The Search for Answers
The years before diagnosis were an endless search for Wendy and her son, Austin. Getting answers provided her family with the clarity they needed to move forward.
Austin entered the world as a happy and healthy baby boy. His mother, Wendy, recalls her excitement when she observed her son surpassing physical milestones earlier than other children his age. For a while, Austin was simply an energetic infant. But when he turned 2 years old, Wendy began noticing some behavioral problems, specifically that his restlessness became excessive.
Wendy took Austin to a doctor to determine the cause of his irritability. The doctor diagnosed him with ADHD. When Austin’s behavioral issues got more severe, Wendy continued her pursuit for answers with another doctor, a specialist in pediatric behavioral issues. Another misdiagnosis followed – this time high-functioning autism. “I didn’t notice any initial signs and symptoms because I was unsure of what I was looking for, and he kept getting misdiagnosed,” she says.
I didn’t notice any initial signs and symptoms because I was unsure of what I was looking for, and he kept getting misdiagnosed. – Wendy
Wendy had a gut feeling that something deeper was going on with her son.
Frustrated by the lack of answers, Wendy turned to online research. “I was constantly on the computer looking things up, saving links, writing things down,” Wendy recalls.
The information she found online was compelling enough for her to schedule an appointment with a geneticist.
After running the only available genetic test, the geneticist came up without answers. It would be years before Austin would get the genetic testing needed for a diagnosis. Wendy had noticed something else quite specific in the meantime: Austin’s pupils were always twice the size of hers. Upon hearing this, the geneticist referred Wendy to a neurologist.
Austin was then six years old, and his symptoms were progressing quickly. He was experiencing coordination problems, as well as vision issues, although he had been to an eye doctor numerous times to no avail. “Austin’s perception was off,” recalls Wendy. “Sometimes he would run into a doorframe or put his foot down to search before stepping down a stair.”
Wendy noticed that her son’s coordination was deteriorating as well. “When he was on an uneven surface, he would have trouble walking,” she says. “Walking up and down hills, or going from sidewalk to grass, got increasingly difficult for him.”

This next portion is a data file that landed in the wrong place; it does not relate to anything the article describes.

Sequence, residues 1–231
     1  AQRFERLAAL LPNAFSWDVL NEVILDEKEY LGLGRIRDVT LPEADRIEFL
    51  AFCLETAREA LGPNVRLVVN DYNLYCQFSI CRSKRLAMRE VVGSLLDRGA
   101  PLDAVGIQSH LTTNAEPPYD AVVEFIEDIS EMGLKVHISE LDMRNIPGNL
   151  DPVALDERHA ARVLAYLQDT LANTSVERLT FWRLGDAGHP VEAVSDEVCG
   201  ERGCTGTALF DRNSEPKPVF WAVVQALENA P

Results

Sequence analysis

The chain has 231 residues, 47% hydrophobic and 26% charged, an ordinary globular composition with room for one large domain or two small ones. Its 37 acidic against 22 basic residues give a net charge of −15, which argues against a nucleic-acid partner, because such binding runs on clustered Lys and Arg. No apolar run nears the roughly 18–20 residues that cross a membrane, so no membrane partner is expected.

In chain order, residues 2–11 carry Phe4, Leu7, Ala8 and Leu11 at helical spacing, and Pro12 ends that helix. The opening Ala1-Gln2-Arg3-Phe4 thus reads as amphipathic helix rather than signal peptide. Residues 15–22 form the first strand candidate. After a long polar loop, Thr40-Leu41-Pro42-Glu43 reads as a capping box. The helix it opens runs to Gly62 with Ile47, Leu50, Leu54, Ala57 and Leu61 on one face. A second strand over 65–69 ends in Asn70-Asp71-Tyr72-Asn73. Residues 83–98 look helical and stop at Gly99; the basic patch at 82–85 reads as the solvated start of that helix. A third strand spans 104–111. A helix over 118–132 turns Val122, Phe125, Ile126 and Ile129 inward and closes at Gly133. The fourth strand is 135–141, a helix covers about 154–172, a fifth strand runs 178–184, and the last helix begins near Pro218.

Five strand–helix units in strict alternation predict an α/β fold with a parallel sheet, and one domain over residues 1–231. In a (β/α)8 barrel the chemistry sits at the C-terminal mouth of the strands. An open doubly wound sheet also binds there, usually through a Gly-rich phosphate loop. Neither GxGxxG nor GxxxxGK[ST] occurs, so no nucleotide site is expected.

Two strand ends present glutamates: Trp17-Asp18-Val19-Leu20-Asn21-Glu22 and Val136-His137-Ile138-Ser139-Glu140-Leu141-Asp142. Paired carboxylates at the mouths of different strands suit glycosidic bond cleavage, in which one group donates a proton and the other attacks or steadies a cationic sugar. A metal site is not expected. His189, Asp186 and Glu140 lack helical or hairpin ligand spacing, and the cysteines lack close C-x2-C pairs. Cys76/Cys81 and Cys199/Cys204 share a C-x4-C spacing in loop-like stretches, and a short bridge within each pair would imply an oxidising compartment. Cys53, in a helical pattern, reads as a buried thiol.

Austin’s teachers expressed concern around his learning retention, citing that he only absorbed a fraction of what he was taught. Wendy had also noticed that Austin was beginning to “space out” more frequently. Looking back, Wendy was unaware that these were seizures.
When Austin turned seven years old, Wendy visited yet another neurologist in search of a definitive answer. This neurologist listened to her experience and heard her worries; it was the turning point. Based on the symptoms Wendy described, the neurologist speculated that Austin had been having silent seizures (seizures that involve brief, sudden lapses in attention) for at least two years.
Despite discussing disease management options for Austin’s seizures, Austin’s disease progression continued. Wendy and her son went back for more genetic tests, this time testing for various A disorder in a person’s structural and functional state that is caused by a change, or variant, in an individual’s DNA sequence. This variant may or may not be hereditary., including Batten disease is the common name for a broad class of rare, inherited disorders or diseases of the nervous system also known as neuronal ceroid lipofuscinoses, or NCLs. In these diseases, a defect in a specific gene triggers a cascade of problems that interferes with a cell’s ability to recycle certain molecules. The disease has several forms that share some of the same features and symptoms but vary in severity and age when symptoms first begin to appear. Each form is caused by a variant in a different gene. Although “Batten disease” originally referred specifically to the juvenile-onset form of NCL, the term Batten disease is increasingly used to describe all forms of NCL. The disease ultimately leads to shortened lifespan.. The tests initially came back negative because the physician only tested for the forms of Batten disease better understood at the time.
At age nine, Austin was diagnosed with his specific type of Batten disease, CLN5. Wendy remembers a desperate search for resources. “Back when Austin was diagnosed, there wasn’t much information about CLN5. Even today, much of the information is difficult to read.”
Instead, Wendy found hope through her connections with other families going through a similar journey. “I’ve learned most of what I know by talking to other parents and living through it,” she says.
“I’ve learned most of what I know by talking to other parents and living through it.” – Wendy
Today, Austin is 18 years old. He no longer walks, and he now requires a feeding tube. The support from fellow CLN5 families and the third neurologist who listened to Wendy led her to the answers she had been chasing for years.Patient Stories Overview